08 Jan Prepping Up for Global Realities in Mobility
Many world events in 2016 caught companies and their global recruiting and mobility managers by total surprise. Response time was slow and uncertain, as some took a “wait-and-see” approach while others tried to make sense of the situation in order to plan more productively for the long term. Brexit was one game-changer that left almost everyone reeling; President Donald Trump’s victory was another. While technological development is always welcome, the effect of smart machines on employment is being treated with more than the usual caution.
To minimize the impact of the unexpected, California Corporate Housing takes a look at the most-anticipated global developments in 2017 as predicted by leading media outlets. Global mobility specialists who are tasked to find competitive foreign talent, while maximizing every resource at their disposal, should take note.
Expand recruitment base: Millions of women marched last January 21 for policies that benefit women and men, which may spark more marches — with more people joining in. Meanwhile, Pope Francis has issued a dire warning to watch against the rise of demagoguery and extremist leaders who would resort to protectionism and militancy to assuage their countrymen’s fears against terrorism and economic uncertainty.
The government has not yet defined U.S. immigration limits or requirements, but tech talents and those with advanced degrees may not be affected as much. Still, global mobility specialists should start expanding their recruitment base beyond the familiar and check out talent hubs in regions that the current administration regards as allies. Another option would be to look for local hires who live in other U.S. states.
Protect your database the ‘primitive’ way. If the accounts of Yahoo, Twitter, Facebook, and Facebook founder Mark Zuckerberg can be hacked, then no one is safe, let alone companies and organizations. A.T. Kearney projects that the most sophisticated cyber hackers will turn their focus to the vast infrastructure of a major global power and its institutions. A wide-scale attack could cause power failure, internet disruption, and operation disruption. Everything and everyone in an affected area could stop and stand still.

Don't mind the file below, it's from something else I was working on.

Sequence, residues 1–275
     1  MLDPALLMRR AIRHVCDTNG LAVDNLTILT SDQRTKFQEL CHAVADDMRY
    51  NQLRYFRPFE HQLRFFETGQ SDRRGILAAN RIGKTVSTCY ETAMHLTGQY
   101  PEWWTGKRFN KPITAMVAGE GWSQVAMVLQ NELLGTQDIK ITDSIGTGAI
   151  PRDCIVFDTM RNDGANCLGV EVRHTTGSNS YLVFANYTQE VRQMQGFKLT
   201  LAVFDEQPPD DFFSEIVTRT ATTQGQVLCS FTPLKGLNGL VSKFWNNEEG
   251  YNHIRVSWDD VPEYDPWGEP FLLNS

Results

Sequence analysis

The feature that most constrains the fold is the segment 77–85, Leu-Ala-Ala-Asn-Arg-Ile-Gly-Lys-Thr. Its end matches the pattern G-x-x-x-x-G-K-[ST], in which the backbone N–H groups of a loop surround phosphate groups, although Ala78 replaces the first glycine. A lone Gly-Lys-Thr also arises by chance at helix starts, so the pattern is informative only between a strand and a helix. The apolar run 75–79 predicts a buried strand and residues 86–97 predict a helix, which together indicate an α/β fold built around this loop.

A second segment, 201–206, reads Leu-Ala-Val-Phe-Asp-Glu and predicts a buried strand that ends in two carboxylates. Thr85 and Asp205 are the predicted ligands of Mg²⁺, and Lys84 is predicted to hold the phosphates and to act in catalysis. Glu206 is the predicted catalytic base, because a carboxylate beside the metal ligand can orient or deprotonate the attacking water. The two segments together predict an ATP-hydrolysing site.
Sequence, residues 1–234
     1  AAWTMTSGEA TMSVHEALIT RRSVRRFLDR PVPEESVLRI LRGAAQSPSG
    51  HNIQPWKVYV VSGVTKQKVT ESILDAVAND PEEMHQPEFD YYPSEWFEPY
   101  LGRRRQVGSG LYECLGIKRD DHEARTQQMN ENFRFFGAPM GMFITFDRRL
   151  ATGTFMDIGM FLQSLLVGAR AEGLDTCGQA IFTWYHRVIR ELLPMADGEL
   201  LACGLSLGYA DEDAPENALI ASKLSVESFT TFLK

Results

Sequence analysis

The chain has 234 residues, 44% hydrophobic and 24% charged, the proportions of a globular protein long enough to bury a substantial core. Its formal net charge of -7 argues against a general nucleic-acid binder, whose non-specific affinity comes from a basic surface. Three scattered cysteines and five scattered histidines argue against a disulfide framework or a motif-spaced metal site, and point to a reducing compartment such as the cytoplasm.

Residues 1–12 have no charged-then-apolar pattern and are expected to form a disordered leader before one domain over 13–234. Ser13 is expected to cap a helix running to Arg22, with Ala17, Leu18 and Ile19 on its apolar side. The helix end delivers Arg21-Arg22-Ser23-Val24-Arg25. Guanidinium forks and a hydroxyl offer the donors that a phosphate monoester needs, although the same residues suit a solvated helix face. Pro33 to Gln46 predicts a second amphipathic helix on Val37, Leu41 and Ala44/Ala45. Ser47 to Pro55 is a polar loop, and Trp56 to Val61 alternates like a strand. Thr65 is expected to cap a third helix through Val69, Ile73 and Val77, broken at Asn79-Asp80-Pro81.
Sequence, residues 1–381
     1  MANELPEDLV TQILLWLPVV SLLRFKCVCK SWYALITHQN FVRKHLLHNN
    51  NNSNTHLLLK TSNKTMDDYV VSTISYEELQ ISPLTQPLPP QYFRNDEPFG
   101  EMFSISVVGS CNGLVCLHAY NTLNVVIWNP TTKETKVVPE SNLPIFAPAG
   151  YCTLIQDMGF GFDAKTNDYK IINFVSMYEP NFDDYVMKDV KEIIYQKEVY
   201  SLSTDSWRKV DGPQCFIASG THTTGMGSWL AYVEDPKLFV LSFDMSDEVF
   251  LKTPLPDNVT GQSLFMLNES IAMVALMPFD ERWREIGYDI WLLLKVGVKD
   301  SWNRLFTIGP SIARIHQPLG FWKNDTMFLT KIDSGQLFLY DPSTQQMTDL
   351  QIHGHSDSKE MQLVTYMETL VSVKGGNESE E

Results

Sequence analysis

It’s time to create your own little haven of security in case of impending cyber disaster. Continually backup your data. Store copies outside the internet — yes, that means files stored in hard drives or their printed versions. Yes, it’s time to go back to a primitive, non-techie kind of contingency. Have a backup to your backup.
Watch how the import-export business is doing. Fortune says that despite the new administration’s’ promise to decrease imports and trigger the increase of exports, the opposite will happen. Consumer spending and a growing trade deficit will open a sizable window for inexpensive foreign products, while the entry of American goods into international markets will lessen. Still, we’re talking about goods. Global mobility specialists need to keep eye on these promising regions as potential sources of recruitment. A trickle-down economy’s effects can include the emergence of industries, a boost of entrepreneurship, and the growth of skilled talent that the U.S. may need to keep its status as the leading economy in the world.